A Publisher Closes, an Author Regroups

Right after the release of my memoir, my publisher shut its doors. Now, I'm researching my options, from selling the rights to another publisher to marketing the book on my own.
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Writing a book is difficult, especially when you reveal your darkest secrets and bare your soul for the world to read. Getting that book published is tougher still. Apparently, staying in business as a publisher in today's world is the most difficult of all.

Less than four months after the release of my inspirational memoir, The Last Day of My Life, my publisher, Phoenix Books, abruptly shut its doors for good. For years, the company was headed by Michael Viner. It turns out that mine was one of the last manuscripts he bought. Following his battle with cancer and then his death in August 2009, the owners of the boutique Beverly Hills publishing house infused it with a new energy and staff, a new slate of titles and authors, a new logo and a new mandate, eschewing the tabloid titles for which it had become known and focusing instead on more respectable, serious literature and inspirational titles. Fortunately for me, mine was among them.

Reinvention, it seems, was more challenging than the owners had imagined. Friday, April 23, 2010 was the end of the line for Phoenix. I was informed about the impending closure of the company only forty-eight hours earlier, along with the publishing house's other authors, several of whom had their own titles about to launch in the marketplace within just days. I suspect they felt as I did -- lost, bewildered, frightened and a bit angry. I imagine that various market and economic forces played into the decision to shutter to company. Publishing is down (I suppose, so is reading) and since the stock market implosion, numerous businesses, publishing among them, have been downsizing dramatically.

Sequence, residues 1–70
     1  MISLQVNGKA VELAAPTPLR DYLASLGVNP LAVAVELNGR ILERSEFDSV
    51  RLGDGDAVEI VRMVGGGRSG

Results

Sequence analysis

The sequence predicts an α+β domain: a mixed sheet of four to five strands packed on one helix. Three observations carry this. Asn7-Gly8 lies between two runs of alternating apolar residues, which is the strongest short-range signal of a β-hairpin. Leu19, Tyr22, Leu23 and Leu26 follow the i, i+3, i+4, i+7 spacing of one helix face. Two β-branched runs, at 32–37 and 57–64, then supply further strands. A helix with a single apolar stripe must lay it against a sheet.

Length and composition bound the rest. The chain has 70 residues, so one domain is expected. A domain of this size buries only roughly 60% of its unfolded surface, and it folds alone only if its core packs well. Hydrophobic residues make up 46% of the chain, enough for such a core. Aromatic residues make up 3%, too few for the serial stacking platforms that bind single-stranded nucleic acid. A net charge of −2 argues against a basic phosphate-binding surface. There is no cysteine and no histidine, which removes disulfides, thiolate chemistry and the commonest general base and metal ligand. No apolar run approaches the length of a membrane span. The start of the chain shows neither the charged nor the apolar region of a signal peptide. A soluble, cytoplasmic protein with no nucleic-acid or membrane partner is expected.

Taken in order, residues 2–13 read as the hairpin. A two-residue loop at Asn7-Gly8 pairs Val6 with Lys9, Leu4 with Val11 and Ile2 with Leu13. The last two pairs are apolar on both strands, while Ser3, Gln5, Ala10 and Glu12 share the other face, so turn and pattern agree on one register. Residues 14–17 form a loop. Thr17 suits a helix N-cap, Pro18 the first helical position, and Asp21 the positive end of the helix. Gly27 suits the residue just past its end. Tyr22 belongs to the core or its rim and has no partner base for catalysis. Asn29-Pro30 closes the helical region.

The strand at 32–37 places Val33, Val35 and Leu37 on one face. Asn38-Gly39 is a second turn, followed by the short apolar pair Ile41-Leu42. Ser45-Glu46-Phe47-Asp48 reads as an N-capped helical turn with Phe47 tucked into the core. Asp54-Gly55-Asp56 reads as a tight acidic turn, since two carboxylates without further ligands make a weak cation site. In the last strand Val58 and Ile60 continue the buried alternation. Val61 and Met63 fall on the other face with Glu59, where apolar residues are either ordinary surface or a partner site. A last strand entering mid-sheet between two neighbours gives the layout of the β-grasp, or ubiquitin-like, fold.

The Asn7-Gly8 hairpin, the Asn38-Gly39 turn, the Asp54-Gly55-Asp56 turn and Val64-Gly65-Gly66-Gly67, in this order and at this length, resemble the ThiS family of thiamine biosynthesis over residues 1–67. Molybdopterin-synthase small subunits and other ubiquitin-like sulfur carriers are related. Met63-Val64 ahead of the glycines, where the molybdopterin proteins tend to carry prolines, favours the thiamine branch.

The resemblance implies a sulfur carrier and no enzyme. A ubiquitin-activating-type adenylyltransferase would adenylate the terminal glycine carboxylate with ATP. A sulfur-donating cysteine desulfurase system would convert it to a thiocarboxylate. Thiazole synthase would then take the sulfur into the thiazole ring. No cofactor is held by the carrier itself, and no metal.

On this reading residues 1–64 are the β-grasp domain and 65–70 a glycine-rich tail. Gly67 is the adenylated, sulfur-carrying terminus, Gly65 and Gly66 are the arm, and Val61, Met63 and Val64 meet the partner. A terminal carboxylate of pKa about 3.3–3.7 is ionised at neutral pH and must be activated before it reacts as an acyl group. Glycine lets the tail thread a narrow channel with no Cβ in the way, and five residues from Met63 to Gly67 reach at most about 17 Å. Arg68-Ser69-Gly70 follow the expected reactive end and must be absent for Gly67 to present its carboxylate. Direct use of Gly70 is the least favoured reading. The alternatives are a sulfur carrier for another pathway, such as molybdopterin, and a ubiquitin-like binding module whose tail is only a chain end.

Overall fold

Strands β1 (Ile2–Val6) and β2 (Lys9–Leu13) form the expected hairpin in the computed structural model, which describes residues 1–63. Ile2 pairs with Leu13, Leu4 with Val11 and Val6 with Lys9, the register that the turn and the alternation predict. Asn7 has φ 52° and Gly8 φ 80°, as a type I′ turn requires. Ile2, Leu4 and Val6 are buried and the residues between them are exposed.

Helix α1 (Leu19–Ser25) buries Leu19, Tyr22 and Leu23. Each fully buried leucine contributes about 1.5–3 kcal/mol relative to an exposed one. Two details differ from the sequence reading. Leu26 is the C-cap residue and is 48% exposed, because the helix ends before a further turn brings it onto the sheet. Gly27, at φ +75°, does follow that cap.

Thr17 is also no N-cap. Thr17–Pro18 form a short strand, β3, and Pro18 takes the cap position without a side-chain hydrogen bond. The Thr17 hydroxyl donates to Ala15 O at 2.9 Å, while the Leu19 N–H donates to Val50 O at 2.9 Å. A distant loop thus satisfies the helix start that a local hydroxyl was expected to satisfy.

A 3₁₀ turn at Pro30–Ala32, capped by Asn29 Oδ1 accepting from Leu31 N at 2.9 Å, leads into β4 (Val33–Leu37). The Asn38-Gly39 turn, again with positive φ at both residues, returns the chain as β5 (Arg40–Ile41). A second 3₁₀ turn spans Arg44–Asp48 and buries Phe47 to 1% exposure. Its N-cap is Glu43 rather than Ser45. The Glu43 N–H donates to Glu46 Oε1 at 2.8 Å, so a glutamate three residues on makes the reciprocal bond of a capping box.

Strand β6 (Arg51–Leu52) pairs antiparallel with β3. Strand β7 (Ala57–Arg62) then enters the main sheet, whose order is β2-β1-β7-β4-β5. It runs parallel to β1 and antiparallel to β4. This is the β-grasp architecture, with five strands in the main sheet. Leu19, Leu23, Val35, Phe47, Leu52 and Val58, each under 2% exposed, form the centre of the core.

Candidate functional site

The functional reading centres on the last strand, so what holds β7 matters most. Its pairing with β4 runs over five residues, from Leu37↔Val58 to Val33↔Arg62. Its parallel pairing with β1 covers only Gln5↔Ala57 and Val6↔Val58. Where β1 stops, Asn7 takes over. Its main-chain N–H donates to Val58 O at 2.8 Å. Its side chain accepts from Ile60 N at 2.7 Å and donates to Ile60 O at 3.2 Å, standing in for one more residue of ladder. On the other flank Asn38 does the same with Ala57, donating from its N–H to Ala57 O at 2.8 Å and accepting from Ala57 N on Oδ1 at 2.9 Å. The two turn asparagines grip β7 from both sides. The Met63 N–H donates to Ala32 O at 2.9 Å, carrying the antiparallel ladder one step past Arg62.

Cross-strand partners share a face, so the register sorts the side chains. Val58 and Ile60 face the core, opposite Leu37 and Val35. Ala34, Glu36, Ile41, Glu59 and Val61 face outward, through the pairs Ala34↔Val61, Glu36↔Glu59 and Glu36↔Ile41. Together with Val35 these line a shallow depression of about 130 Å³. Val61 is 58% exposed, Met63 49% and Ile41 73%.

I had spent literally hundreds of hours securing media bookings on radio and television shows to promote my own title and I soon discovered that marketing a book was more challenging and time consuming than writing it. I now faced the very real prospect that all of this effort and the positive results would fail to return a single penny. Still, before closing, Phoenix graciously granted me all rights to my work, including the print and audio versions. Now, I find myself diligently researching my options, from selling the rights to another publisher to capitalizing on a successful book launch, buying the stock on hand from the printer and continuing to market the book on my own. After all, I now own the rights and the electronic files, the distribution network is already in place and there is the real promise of steady sales over the months ahead. (It is still available in brick and mortar and on-line book sellers) I thought, "How hard could it be to continue the publishing duties myself?" As it turns out -- it can be plenty hard.

I suspect that the angst within the publishing world was foreshadowed by similar fears in the record industry. That business has been gutted by the digital revolution and an industry unwilling to adopt -- choosing rather to dig in its heels and fight to the death (their own). I am confident that there will always be physical books. I love the tactile nature of the paper in my hands and the smell of the ink on the pages. Still, I own many Kindle titles (on my iPhone) and the amazing success of the iPad signals even more eBooks will be chosen over their pulp counterparts. It is inevitable and it changes everything. Musicians can now sell their songs directly via iTunes, bypassing large record companies entirely. Authors are discovering that same power with respect to electronic books and even via print on demand self-publishing. It takes much more effort, to be sure, but it is enticing to have more creative control and a greater financial return on every sale. It seems to be a more viable option than ever before.

Is the fate of Phoenix going to be suffered by other publishers? Undoubtedly so. But I am confident that authors and publishers will continue to flourish in this new electronic landscape, just as songwriters and performers and even labels have learned how to navigate the transition from CD's to instant downloads. Fortunately, this author is also a lawyer. My mom always told me that law school would serve me well. I'll bet she never imagined telling her friends about "my son, the lawyer...and publisher." We'll see.

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